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Showing 8 posts in ADA Amendments Act of 2008 (“ADAAA”).

Morbid Obesity is Not a Disability in Kentucky – For Now

Posted In ADA Amendments Act of 2008 (“ADAAA”), Americans with Disabilities Act, Kentucky Civil Rights Act (“KCRA”)

There’s no question that obesity is a national health crisis, with the Centers for Disease Control and Prevention estimating that more than a third of adults in the U.S. are obese. In 2013, the American Medical Association pronounced that it now finds obesity to be a disease, adding more fuel to the fire that suggests individuals afflicted with this disease could be considered “disabled” under the Americans with Disabilities Act (“ADA”). With regard to state law, however, the Kentucky Supreme Court closed the door – at least, for the time being - on disability claims with regard to obesity in the case of Pennington v. Wagner’s Pharmacy, Inc.[1]

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ADA “Direct Threat” Defense Just Got a Little Easier

The rights and protections afforded to those with disabilities by the Americans with Disabilities Act (“ADA”) are not without limitations. Accommodations for disabled employees must be reasonable, and the employee must still be able to perform essential job functions with an accommodation. Additionally, the employee’s disability cannot pose a risk to her- or himself or others in the course of job functions if that risk cannot be eliminated or reduced by a reasonable accommodation. This is known as the “direct threat” defense – adverse employment or hiring actions taken against an employee or applicant were done so to mitigate a direct threat to the safety of the employee or others. More >

Anxiety over Reasonable Accommodation under the ADA for Social Anxiety Disorder

Posted In ADA Amendments Act of 2008 (“ADAAA”), Adverse Employment Action, Americans with Disabilities Act

Employers might be just a bit more anxious after learning that the Equal Employment Opportunities Commission (“EEOC”) defined the “ability to interact with others” as a major life activity, bringing social anxiety disorder into the scope of protection afforded by the Americans with Disabilities Act (“ADA”). The Fourth Circuit, in the case of Jacobs v. N.C. Administrative Office of the Courts,[1] recently agreed with the EEOC that social anxiety disorder may be a disability for ADA purposes. For practical purposes, however, the important takeaway in this case is that reasonable accommodation requests should never be taken lightly and all decisions that adversely affect employees should come with ample documentation. More >

Sixth Circuit Vacates Decision On Telecommuting Accommodation

In May, we wrote about the Sixth Circuit’s interesting decision in Equal Opportunity Commission v. Ford Motor Co., wherein the Court expanded the instances in which a telecommuting arrangement would be considered a reasonable accommodation for disabled employees in accordance with the Americans with Disabilities Act (“ADA”).[1] More >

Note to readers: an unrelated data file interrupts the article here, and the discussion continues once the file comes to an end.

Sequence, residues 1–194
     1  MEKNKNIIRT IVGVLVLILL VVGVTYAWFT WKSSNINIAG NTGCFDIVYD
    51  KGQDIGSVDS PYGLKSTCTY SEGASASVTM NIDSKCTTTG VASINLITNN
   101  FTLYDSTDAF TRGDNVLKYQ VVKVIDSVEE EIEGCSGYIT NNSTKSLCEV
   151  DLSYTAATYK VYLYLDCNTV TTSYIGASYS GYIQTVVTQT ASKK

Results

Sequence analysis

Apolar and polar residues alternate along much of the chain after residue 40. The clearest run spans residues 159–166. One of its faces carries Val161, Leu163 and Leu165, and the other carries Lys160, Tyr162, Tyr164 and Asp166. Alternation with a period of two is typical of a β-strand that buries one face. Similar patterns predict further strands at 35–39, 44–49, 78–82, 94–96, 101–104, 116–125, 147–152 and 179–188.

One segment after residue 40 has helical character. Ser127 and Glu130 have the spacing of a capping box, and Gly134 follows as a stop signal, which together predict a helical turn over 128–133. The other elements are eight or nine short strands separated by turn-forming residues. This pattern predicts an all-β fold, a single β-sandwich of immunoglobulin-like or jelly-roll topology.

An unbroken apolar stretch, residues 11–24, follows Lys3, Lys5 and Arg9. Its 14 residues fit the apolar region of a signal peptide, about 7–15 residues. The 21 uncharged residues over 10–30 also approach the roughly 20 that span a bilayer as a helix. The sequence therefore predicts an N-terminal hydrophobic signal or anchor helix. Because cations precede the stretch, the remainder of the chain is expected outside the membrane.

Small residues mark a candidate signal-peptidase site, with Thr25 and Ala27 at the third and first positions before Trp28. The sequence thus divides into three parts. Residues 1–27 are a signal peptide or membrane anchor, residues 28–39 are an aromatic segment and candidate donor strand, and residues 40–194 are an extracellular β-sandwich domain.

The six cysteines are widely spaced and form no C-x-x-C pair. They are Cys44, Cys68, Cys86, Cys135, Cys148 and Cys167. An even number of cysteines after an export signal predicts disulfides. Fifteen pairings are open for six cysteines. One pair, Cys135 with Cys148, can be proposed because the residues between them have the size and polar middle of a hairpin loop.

US Supreme Court Will Review Important Case Affecting Pregnant Workers, Part II

Posted In ADA Amendments Act of 2008 (“ADAAA”), EEOC, Employment Law, Litigation, Pregnancy Discrimination Act, Young v. UPS

On Monday, details about the case Young v. UPS were discussed. Young was a part-time UPS driver who, after becoming unable to lift heavy packages due to her pregnancy, was denied her request for light duty. She alleges that UPS violated the law by failing to provide her the same accommodations as it provided to nonpregnant employees with physical disabilities who were similar in their ability to work. After the District Court and Fourth Circuit Court of Appeals both found for UPS, Young petitioned filed a petition for certiorari with the Supreme Court. UPS, however, responded to the petition with an argument that the 2008 amendments to the Americans with Disabilities Act (“ADA”) could render the case moot.  The actions that led to the suit occurred in 2006 – before the amendments to the ADA were made. More >

A Review of the EEOC in 2013

One of the best ways that employers can know what liability risks they are most likely to encounter in any given year is to review what an agency was targeting in the previous year and to review the agency’s work plan. I recently reviewed some 2013 statistics from the Equal Employment Opportunity Commission (“EEOC”) that are worth sharing:

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Kentucky Court of Appeals Weighs in Favor of Employee: Is Morbid Obesity a Disability? Part II

Our post on Monday detailed background information on a recent decision from the Kentucky Court of Appeals styled as Pennington v. Wagner’s Pharmacy, Inc. Before being heard by the Court of Appeals, the case was heard at the trial court, where the court had to consider whether the plaintiff, Melissa Pennington, was disabled as defined by the Kentucky Civil Rights Act due to morbid obesity. More >

Weight For It: How Will The AMA’s New Decision Affect Employers?

In a press release issued on June 18, 2013, the American Medical Association (“AMA”) declared obesity as a “disease.” The decision was met with sharp controversy, as it automatically classified millions of overweight Americans as diseased. Critics of the classification believe that obesity is not a disease and that there is no way to determine one’s health based on a number on the scale. The AMA hopes the new label will lead to better coverage and treatment for those who suffer from obesity.

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